This idea has been brought up in the midst of another topic, so I thought I would present it separately to keep it from getting buried:
In the field of academic publishing, the practice is for the authors of publications or researchers (even anthropologists or linguists) to have specimens collected and preserved of any organisms whose identity is significant to the data in question. These are called "voucher specimens", presumably because they would "vouch for" the accuracy of the identifications used in the publication or research.
Why should we do this at BugGuide?
First of all, there are numerous taxonomic groups in BugGuide that are difficult or impossible to identify completely from images. It has been observed that details of genitalia reflect taxonomic differences more consistently than anything visible externally, so dissection of specimens is considered the best way to be sure of identification. There are also groups like the Tachnidae that require careful examination of things like minute bristles for reliable identification. Even in earwigs, the group I'm most familiar with, IDs can hinge on details of the feet and antennae that are visible without dissection, but rarely in good focus in images. Then there are details that can only be seen by turning the subject over and looking closely (true of a great many spiders).
There are also cases where it's discovered that what was considered one species is really several. Likewise, an identification may be called into question based on new information or changes in theory. The visible differences to examine for confirmation may not be captured in the original images, because no one knew what to look for- or there may be no visible difference. If you have a voucher specimen, you can always go back and reexamine it or test things like DNA. Or there may be questions no one has even thought of yet that could be answered someday using the specimen.
In short, an identification backed by a voucher specimen is better in just about every way than an identification based on an image alone.
So we should immediately have everyone take voucher specimens for every picture- right?
Actually, no. There are practical and theoretical factors to consider first:
First of all, a high-volume site like ours could conceivably overwhelm anyone that agreed to take the specimens if care isn't taken to be selective: we have over a quarter-million images accumulated over just 6 years, with the rate no doubt still increasing. The bugs represented by even a small fraction of those submissions would take a lot of labor to process and space to store. Does anyone really need thousands of specimens of common, no-brainer-ID species like Wheel Bugs in a time of shrinking resources?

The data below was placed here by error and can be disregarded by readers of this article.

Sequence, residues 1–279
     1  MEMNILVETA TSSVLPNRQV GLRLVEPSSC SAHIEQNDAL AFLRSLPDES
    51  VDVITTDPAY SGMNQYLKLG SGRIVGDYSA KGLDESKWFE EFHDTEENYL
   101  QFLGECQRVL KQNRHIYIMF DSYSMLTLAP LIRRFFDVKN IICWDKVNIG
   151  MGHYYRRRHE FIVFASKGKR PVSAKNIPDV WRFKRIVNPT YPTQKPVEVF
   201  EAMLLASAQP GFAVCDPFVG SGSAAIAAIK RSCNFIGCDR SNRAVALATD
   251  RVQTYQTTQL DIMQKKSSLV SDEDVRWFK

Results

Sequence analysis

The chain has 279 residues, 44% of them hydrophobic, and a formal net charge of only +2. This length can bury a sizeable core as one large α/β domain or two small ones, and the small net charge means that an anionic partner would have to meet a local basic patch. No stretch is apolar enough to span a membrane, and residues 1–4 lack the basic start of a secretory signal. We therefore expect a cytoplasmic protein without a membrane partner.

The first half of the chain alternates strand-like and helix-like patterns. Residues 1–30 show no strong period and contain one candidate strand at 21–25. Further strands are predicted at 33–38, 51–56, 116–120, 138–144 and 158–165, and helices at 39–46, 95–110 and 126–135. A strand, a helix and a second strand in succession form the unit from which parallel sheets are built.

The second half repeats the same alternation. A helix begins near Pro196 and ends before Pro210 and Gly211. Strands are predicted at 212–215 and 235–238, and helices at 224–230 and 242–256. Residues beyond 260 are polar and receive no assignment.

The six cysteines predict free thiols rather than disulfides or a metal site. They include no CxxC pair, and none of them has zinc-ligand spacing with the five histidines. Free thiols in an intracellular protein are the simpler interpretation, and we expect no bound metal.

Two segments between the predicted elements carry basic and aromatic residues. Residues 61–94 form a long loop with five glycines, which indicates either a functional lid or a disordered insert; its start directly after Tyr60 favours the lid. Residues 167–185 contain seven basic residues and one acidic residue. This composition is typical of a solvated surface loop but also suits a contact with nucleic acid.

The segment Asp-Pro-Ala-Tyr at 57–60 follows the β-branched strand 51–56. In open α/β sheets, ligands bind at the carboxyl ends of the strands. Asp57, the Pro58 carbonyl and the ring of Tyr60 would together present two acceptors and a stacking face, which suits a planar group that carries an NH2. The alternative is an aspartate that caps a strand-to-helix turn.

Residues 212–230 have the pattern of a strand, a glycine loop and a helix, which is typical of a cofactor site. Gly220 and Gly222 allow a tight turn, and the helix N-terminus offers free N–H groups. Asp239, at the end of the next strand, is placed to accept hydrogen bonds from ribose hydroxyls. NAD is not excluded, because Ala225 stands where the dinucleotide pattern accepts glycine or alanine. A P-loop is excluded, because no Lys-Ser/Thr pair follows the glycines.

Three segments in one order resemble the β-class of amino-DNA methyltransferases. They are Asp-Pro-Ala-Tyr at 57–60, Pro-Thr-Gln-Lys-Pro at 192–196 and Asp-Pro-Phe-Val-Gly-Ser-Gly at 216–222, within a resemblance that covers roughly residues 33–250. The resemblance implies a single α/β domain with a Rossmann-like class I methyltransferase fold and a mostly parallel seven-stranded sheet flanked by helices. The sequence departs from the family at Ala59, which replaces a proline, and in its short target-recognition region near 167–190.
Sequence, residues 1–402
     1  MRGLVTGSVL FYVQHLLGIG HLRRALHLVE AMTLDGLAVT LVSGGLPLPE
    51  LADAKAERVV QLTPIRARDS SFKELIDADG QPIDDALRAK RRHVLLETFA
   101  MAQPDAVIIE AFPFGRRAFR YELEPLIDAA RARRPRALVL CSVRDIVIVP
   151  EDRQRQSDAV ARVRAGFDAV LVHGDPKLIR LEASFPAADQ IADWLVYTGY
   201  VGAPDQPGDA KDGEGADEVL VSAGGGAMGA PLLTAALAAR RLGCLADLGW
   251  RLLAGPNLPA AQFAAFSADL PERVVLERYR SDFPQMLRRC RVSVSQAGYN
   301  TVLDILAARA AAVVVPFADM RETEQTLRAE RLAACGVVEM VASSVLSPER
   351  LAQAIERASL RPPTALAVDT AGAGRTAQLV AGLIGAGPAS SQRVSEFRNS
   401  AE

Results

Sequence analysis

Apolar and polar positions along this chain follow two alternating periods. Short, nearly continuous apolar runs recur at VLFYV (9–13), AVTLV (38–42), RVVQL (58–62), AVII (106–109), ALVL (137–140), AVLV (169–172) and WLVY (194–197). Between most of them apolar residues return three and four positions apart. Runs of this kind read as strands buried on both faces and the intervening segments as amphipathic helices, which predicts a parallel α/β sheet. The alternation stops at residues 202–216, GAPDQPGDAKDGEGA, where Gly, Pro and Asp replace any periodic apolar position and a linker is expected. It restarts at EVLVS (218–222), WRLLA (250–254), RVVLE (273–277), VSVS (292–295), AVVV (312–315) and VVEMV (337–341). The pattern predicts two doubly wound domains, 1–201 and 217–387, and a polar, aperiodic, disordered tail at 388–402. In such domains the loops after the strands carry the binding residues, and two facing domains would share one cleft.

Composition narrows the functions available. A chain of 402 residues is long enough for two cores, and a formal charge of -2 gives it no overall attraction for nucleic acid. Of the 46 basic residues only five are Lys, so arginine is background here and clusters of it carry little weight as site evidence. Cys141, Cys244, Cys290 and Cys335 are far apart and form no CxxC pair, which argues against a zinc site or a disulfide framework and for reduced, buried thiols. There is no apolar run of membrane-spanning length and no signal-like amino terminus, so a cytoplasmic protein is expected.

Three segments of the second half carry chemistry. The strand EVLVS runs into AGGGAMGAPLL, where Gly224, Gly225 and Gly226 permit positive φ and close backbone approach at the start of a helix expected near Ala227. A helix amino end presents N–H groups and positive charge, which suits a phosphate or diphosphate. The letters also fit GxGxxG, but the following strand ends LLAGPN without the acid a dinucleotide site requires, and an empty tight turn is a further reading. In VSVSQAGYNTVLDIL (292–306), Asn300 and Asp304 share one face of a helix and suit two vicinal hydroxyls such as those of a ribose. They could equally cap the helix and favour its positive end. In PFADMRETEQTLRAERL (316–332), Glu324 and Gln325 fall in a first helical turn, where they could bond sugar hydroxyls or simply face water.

Second, education about techniques and quality control is important. We've all seen images posted by folks who want to know if the spider they stomped is a Brown Recluse- imagine that spider after a trip through the mail. And ID is theoretically possible if a sphinx caterpillar is tossed in an envelope and mailed- but I wouldn't want to be the one opening that envelope!
Third, we need to think about legal and ethical pitfalls- there are locations like national parks and threatened populations that should be off-limits, for instance. What restrictions are there on sending pest species across state lines? What about species that might incur risks in order to collect them? How do we make sure we're not leading people to do something illegal and/or dangerous and/or wrong?
Fourth, people tend to look through the guide until they find something that looks like their bug. Are we misleading people by posting images of bugs that can't be identified that way? What do we need to do to educate people in such cases?
Not that these are fatal problems or even require much thought- it's just easier to deal with things you're aware of beforehand.
So, what should we do?
Some of this is already going on. Tom Murray, for instance, regularly collects some of the bugs he photographs, and he has informal arrangements to send specimens to various experts if requested. Some experts have offered to accept and ID any specimens sent them that are within their specialties. Mark Dreiling, among others, provides specimens for the Barcode of Life lepidopteran-DNA project, and in return gets IDs.
I think we should expand on this and work out ways to match contributors to IDers/repositories, but without inviting the world to indiscriminately dump on the latter. Perhaps we can come up with a system of gatekeepers or intermediaries who receive requests for a place to send specimens, then provide address and contact information when it's appropriate. Some recipients are set up for dealing with the public, so it won't be necessary- but I think we'll get much better participation if we have such an option to offer.
We should arrive at ways to encourage people to take voucher specimens where they're needed, and educate them about the limits of IDing certain taxa from images- at the very least through wording on guide pages, if not some system of codes, etc. Some of this might take the form of an article outlining specific groups that should be vouchered- though a comprehensive list would be too big to be practical.
We should also have an article explaining standard mounting, preservation and shipping techniques, with a list to refer to specify which to use for a specific type of specimen.
We also should come up with standards for documentation and cross-referencing, so the specimens received can be easily, reliably and consistently matched with the images
I know I've probably gone into too much detail, but at least it will give raw material to pick and choose from in our discussion